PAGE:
He’s All That

Written by Maria Athayde

30/100 

I’m a 90s kids and some of the vivid memories I have growing up in that era are associated with watching cheesy rom-coms like Clueless (1995), Can’t Hardly Wait (1998), 10 Things I Hate About You (1999), Drive Me Crazy (1999) and, especially She’s All That (1999). So when I heard that a re-imagining of She’s All That, this time around, called He’s All That (2021) was coming out I wanted to give it a shot. After watching this I can say I was wayyyy too optimistic about its prospects.      

He’s All That is nothing more than a light reimagining of the 1999 version for Generation Z. The casual misogyny, fat-shaming, predatory jokes, and hetero-normativity that were in the original are gone in this version but the story remains very much the same. This movie sees a popular kid Padgett Sawyer, played by Tik-Tok star Addison Rae, accept a bet where she can transform “ugly duckling” Cameron Kweller, played by Tanner Buchanan, into prom king only to find herself and fall for him in the process. The essence of the movie is truly that simple and I am sure you can imagine how it plays out from here.

The movie adds elements that are familiar to Gen Z like making the protagonist an influencer with brand deals on the line. It also overstates that all of its characters are “social media obsessed”. Some of my primary gripes with this version were how little the supporting cast particularly Rachael Leigh Cook (the protagonist in the original) was used. Why not make her the same character as in the original?  Maybe add a bit of depth to the story? Another squandered opportunity was not having Kourtney Kardashian play herself. Having Kourtney play herself would not only have made the movie more meta but it would also have made it exponentially funnier. If you are familiar with the Kardashian’s even if it’s just a little bit you likely know just how funny Kourtney can be.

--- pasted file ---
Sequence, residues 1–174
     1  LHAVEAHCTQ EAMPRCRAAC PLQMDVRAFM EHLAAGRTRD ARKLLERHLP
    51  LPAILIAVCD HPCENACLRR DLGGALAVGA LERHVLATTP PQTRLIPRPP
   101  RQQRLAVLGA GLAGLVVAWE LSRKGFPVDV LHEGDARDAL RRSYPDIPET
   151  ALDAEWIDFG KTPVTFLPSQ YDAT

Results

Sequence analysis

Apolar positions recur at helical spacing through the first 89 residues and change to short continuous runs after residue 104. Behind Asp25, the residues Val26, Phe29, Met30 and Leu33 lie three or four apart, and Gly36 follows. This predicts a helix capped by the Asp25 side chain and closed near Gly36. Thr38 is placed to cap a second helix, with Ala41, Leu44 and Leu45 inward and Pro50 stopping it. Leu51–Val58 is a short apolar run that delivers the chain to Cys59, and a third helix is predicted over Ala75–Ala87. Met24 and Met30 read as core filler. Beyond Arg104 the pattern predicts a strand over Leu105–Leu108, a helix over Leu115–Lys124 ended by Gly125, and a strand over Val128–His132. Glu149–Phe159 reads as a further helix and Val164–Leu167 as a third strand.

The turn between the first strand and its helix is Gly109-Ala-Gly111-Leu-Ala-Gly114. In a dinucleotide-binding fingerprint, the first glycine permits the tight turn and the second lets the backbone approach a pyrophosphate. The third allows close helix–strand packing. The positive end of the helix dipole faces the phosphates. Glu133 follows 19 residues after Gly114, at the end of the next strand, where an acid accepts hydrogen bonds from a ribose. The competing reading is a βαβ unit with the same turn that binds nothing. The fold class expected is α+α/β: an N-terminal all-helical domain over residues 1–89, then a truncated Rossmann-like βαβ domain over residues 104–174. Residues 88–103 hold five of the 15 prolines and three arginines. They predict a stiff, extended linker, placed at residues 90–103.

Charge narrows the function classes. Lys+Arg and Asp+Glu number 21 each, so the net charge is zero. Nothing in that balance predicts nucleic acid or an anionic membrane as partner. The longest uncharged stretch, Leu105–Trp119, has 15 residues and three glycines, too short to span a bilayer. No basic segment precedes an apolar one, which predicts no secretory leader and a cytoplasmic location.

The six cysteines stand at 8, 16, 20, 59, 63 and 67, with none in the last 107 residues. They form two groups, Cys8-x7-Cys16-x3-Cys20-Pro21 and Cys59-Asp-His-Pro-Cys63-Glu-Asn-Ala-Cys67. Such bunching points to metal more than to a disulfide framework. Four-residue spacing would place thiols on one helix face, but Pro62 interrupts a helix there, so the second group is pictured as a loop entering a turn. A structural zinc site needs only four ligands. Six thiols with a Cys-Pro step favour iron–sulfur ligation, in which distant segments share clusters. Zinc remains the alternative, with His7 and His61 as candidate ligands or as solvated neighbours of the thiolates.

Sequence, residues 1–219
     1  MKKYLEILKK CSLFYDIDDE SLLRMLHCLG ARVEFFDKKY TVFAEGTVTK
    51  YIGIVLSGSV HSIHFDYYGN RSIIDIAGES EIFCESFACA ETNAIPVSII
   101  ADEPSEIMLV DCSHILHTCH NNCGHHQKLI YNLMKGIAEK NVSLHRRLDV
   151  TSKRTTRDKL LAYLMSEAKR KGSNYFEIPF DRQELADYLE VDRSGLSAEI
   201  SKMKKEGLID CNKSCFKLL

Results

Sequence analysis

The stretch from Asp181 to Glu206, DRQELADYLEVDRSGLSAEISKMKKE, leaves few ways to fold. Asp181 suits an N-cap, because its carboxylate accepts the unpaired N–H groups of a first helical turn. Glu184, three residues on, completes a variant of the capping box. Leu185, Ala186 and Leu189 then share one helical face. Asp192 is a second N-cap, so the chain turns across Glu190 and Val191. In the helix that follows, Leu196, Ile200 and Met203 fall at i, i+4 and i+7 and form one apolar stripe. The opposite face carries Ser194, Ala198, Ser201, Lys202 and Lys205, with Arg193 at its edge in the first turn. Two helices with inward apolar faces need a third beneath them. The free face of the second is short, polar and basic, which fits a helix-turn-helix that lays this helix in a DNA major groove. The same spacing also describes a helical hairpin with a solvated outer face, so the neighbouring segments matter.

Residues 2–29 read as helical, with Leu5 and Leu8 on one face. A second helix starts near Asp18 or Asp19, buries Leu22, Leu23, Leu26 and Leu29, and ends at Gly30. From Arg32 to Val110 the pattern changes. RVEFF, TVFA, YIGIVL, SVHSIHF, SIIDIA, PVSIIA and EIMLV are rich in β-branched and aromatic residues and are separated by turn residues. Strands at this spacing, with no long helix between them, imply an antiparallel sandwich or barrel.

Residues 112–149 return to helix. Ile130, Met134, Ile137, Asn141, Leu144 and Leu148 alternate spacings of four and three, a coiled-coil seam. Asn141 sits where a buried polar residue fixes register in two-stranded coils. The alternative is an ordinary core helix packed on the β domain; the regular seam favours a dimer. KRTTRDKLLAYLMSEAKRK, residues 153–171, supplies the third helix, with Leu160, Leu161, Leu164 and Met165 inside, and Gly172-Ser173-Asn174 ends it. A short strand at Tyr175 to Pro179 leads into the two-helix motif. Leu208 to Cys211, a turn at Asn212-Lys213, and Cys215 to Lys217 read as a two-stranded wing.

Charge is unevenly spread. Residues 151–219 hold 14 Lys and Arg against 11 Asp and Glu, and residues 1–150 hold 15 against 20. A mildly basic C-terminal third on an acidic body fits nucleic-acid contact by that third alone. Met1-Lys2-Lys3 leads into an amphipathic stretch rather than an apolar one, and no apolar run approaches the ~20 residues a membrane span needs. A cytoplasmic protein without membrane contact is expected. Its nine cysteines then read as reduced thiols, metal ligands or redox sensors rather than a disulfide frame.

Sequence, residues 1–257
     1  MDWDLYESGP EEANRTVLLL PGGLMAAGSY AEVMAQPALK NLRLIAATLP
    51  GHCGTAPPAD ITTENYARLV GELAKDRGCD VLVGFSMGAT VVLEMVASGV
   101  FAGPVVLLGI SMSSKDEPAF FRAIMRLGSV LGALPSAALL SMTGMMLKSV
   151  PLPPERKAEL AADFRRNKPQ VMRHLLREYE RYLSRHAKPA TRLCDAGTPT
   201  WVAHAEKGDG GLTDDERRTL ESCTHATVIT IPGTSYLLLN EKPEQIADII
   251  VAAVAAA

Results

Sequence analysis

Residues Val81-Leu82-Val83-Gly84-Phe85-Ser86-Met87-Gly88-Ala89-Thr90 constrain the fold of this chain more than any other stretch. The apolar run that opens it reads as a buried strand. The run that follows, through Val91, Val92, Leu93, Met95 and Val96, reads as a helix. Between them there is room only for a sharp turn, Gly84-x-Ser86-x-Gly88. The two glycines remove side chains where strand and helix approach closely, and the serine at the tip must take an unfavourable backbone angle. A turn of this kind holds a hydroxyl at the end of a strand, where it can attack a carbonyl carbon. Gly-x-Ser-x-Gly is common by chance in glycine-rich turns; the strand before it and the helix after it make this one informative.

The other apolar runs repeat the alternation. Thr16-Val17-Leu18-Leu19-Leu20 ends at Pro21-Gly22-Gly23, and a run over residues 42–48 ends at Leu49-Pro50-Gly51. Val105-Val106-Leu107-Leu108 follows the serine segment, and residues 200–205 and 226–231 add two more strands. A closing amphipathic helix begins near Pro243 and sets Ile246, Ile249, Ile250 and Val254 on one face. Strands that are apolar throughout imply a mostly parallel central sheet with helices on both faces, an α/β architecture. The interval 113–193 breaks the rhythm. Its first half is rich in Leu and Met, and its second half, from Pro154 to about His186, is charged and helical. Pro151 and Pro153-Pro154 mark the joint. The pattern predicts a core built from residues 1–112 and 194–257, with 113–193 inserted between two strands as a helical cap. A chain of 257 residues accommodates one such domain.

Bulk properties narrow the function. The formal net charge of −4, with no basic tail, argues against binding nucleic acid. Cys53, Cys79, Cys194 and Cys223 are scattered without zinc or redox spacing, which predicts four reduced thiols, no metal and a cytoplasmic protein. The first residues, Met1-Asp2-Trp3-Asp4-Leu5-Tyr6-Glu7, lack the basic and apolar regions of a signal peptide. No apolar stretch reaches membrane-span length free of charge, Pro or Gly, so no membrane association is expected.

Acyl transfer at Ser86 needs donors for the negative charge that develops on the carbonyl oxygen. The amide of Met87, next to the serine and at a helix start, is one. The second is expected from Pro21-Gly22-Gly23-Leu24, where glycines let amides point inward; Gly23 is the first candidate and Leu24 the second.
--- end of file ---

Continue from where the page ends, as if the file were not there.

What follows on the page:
Going into this I knew I wasn’t going to get a masterpiece, good cinematography, writing, or Oscar worthy performances. I went into this expecting some dumb fun but ended up just having a bad time. One thing is certain there is an ingenuity to Gen Z and people like Addison Rae who can turn an online career into something much bigger and bring her built in fan base to movies like this one. 

Next time, don’t get a 51 year old man, the same writer from the original, to reimagine practically the same movie 22 years later. Instead, try going for someone who is a little more in tune with the new wave of movie goers or in this case streamers. In the end, everything about He’s All That rings hollow.

He’s All That Trailer

He’s All That is currently streaming on Netflix.

You can follow Maria Manuella Pache de Athayde on LetterboxdTwitter, or Instagram and view more of what she’s up to here.

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